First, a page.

“We need the university to be aware of it, conscientious that it is painful, and vigilant in terms of trying to educate the student population about the important of diversity and what these types of hurtful symbols mean,” Chabad Rabbi Dov Klein told the Algemeiner. “Whether it’s a symbol against the Jewish community, against the African American community [or] against the Arab community, these things are not tolerated.”
Construction workers on campus discovered the antisemitic vandalism on Monday morning at the construction site of the new Kellogg School of Management building, The Chicago Tribune reported. The daubed images included a swastika which was painted over by construction personnel later that day.
The incident was the second case of antisemitic vandalism to take place at Northwestern in the past two months. In April, university police found a swastika drawn on the wall of a study lounge in the school’s library.
A menorah on campus, owned and opeated by Chabad, has also been vandalized a total of three times over the past year and a half.
Despite the string of antisemitic attacks at Northwestern, where the student government in February passed a resolution to boycott Israel, Rabbi Klein said he believes each incident to be isolated.
He called on the university’s administration to continue educating students about hate symbols and diversity, and said the school should address antisemitic graffiti and behavior during orientation for incoming freshmen.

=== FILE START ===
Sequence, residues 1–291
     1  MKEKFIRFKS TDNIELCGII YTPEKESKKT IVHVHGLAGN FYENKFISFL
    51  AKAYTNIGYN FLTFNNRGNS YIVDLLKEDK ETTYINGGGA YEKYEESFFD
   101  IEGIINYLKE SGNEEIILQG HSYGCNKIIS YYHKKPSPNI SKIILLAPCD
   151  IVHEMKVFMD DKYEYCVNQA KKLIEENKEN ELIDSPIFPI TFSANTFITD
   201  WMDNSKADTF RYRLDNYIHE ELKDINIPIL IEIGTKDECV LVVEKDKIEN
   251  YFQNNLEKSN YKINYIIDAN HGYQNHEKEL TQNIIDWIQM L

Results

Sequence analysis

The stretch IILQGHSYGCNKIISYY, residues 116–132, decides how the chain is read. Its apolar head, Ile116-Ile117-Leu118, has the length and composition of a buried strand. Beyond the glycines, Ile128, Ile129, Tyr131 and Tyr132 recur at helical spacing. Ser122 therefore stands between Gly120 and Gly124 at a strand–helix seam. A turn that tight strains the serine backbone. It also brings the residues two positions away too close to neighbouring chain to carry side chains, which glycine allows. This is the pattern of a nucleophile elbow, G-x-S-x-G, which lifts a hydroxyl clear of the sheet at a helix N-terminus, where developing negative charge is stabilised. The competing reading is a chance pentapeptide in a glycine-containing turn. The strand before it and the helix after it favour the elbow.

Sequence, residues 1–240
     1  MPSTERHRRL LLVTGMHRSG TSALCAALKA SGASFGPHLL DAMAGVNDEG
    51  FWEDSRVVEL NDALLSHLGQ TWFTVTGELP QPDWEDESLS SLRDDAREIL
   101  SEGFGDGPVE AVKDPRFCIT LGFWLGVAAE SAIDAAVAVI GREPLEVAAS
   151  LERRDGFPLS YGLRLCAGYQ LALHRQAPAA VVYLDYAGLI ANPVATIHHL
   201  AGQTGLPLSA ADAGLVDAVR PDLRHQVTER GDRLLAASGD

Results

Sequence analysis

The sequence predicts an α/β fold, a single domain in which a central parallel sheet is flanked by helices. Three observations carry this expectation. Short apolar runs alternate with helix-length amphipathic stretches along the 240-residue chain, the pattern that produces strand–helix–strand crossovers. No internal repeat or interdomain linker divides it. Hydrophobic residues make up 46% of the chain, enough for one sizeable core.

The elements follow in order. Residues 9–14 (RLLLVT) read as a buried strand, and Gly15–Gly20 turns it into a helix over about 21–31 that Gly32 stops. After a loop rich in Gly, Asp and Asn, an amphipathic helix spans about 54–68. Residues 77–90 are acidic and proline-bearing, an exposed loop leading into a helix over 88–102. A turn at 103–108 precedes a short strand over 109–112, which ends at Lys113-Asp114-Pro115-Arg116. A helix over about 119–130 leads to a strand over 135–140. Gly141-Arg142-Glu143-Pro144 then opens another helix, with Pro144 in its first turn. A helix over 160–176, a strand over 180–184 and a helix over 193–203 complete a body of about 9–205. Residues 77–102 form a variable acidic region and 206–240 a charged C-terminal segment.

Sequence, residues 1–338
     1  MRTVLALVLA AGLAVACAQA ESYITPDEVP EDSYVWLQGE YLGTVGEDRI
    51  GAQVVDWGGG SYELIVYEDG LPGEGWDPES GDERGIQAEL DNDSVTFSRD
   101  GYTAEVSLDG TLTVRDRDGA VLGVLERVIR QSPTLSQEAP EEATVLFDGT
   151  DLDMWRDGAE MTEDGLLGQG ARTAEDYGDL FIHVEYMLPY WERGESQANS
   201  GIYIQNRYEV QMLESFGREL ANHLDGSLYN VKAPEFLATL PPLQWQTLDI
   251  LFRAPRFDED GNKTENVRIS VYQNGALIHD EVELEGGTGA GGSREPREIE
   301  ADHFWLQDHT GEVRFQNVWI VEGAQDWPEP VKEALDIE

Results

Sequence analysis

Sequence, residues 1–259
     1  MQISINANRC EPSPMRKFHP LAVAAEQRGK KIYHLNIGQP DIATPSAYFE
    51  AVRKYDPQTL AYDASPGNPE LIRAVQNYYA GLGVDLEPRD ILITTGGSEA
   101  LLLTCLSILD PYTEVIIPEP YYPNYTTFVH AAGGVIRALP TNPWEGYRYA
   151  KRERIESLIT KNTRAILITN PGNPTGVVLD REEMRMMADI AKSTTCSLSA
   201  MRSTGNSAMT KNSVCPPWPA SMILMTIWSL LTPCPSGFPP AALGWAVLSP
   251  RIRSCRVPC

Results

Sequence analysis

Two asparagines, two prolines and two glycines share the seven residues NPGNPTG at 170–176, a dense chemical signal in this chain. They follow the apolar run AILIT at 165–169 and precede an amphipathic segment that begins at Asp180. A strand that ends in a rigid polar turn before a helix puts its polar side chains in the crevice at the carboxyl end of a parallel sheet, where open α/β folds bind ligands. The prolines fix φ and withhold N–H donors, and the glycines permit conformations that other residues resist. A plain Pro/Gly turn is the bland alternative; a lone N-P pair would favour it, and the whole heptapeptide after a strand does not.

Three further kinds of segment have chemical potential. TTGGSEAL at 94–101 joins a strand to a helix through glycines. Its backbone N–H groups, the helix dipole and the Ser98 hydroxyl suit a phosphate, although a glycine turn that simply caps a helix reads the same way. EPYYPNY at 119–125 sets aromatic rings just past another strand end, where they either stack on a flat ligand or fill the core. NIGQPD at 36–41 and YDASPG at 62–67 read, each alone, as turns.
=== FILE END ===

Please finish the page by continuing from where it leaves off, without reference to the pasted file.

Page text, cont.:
“Bring up the issues of antisemitism and what these types of symbols – whether they’re targeted to the Jewish community or other communities – what those symbols represent, what they mean [and] how hurtful they can be,” he said. “Many times the antisemitic, anti-Israel, anti-Jewish part of that is not necessarily highlighted. I think for this upcoming year they should highlight that a bit more.”
Rabbi Klein said he was unsure if officials would discover the motive behind the most recent graffiti attack, saying, “we don’t know if this was somebody having a goofy time or this is really an expression of hate against the Jewish community at Northwestern.” He added that the likelihood of finding the perpetrator is “close to zero.”
Northwestern University boasts a strong and vibrant Jewish community, according to Klein. The rabbi said he does not think Jewish students feel targeted on campus, but that the antisemitic attacks “get disturbing after a while” and are also hurtful.
“In the campus environment many times people do stupid things,” he said. “There are people out there that hate and people who don’t understand how painful it is for Jewish students or a Jewish person to see a swastika, which represents the environment of antisemitic and hatefulness toward the Jewish community.”